I knew what was coming but kept praying that it wouldn’t happen. Now it has; thanks to Covid 19, almost all my communal activities have ceased, and most other things as well. At the beginning of the week, however, I was still trying to pretend that life might continue on its predictable path, and that I could do the things I love. I was foolish, and I am sorry.
For example, on Monday afternoon I attended a brief ceremony to celebrate the city’s partnership with the Friends of Cold Spring Park to repair and improve the park’s eroding trails. Mayor Fuller, other city officials and councilors, and some of us activists were on hand for a brief mayoral speech and quick photo shoot. We knew better than to hug or make contact, but at times we were probably closer together than was advisable- especially at the photo op.
Next came a more foolish event involving a greater number of people. I coach girls’ tennis at Newton South, a spring sport, and our season was to have started this upcoming Monday, March 16. On Monday at 6 PM our league, the DCL, held a preseason meeting for all coaches and athletic directors at Concord Carlisle High School. Our numbers were perhaps fifty. We had dinner together and then broke up by sport into different rooms to discuss the coming season.
To be sure, I had my qualms about attending. I am a healthy 69 year-old with no underlying immunological issues or respiratory conditions. I kept my social distance but watched in horror as many younger coaches hugged and shook hands. They felt, perhaps, that the threat of spreading the virus had been overblown, and that the symptoms for their demographic would be mild. I tried in vain to explain that the goal of social distancing was to slow the spread of sickness so that medical facilities wouldn’t be overwhelmed. It seems that this message has yet to sink deeply into the public’s psyche. Should I have opted out of this mandatory meeting?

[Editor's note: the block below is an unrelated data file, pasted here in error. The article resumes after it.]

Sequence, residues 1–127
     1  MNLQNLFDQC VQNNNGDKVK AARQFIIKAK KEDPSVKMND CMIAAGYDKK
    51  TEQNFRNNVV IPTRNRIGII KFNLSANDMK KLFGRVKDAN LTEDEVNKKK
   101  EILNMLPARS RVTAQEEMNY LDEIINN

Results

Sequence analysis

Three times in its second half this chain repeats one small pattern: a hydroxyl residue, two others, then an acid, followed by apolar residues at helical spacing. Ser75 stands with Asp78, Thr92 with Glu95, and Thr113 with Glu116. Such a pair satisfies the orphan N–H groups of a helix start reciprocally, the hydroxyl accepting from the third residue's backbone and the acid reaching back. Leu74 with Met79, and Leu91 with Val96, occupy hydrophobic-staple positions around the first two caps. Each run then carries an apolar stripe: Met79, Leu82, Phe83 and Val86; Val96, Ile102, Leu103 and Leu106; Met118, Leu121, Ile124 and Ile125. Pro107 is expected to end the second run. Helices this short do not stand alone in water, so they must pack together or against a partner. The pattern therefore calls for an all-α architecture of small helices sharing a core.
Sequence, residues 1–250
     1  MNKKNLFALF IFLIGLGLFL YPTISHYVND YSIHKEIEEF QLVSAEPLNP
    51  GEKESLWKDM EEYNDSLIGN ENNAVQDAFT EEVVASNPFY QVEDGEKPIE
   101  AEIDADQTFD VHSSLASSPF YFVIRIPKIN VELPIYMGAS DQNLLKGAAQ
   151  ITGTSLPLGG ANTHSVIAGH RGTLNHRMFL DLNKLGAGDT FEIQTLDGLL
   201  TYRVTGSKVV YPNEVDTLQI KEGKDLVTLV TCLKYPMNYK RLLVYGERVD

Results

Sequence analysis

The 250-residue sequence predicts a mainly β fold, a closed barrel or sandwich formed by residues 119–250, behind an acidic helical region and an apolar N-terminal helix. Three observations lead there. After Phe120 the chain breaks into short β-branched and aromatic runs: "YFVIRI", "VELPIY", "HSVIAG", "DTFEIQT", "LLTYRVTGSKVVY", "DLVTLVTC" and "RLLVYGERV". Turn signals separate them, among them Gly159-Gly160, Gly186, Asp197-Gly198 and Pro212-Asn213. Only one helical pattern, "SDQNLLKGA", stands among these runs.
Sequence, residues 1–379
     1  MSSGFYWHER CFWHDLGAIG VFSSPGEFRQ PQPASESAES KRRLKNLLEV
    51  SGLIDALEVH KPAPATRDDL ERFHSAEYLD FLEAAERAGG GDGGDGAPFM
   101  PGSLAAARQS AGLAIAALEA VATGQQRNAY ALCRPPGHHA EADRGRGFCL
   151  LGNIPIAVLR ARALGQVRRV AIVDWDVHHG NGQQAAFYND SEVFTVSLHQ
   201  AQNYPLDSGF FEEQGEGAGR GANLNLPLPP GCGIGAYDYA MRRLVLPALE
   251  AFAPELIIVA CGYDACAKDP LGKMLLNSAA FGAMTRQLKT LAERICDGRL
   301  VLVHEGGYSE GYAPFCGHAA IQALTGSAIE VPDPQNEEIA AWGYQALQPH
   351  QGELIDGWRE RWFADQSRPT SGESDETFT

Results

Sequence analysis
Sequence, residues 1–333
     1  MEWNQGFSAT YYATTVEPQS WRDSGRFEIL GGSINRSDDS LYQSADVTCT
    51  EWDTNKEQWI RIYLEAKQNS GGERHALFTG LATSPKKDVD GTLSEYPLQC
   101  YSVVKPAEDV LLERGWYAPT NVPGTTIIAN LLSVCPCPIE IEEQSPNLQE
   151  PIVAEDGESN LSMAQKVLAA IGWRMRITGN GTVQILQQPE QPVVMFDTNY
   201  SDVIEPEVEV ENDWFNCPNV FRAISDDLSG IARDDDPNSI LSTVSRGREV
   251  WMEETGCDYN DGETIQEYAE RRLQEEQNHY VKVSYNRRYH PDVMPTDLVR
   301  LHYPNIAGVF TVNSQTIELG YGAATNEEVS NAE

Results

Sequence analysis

I drove directly from the coaches’ meeting to Hebrew College to attend my religious group’s Purim celebration. I stayed less than an hour, and I tried not to draw too close to anyone. But I won’t deny that at least 100 people were in the hall listening to the traditional reading of the Purim story and laughing at comical sketches put on by members of the congregation. In retrospect, that was probably another act of folly, given my age. By now my group has suspended services going forward.
The trend of times prevented me from doing much else this week that might have placed in me in groups of people. On Wednesday 8th Grade Sports Step-Up Night at South was postponed, as was the meeting of the Bike Newton steering committee. On Thursday the Newton Transportation meeting on putting bike lanes on Beacon Street was put off, as was the monthly meeting of the Waban Area Council, on which I serve.
I did play doubles tennis with friends twice this week, once outside and once at my club. I did not linger at the club or shake anyone’s hand in either instance. Should I not have played?
This brave new world in which we now live begs clarity. Perhaps I should just stay home and avoid all direct human contact save with my wife until the Covid 19 nightmare has passed. What about shopping? Any opinions?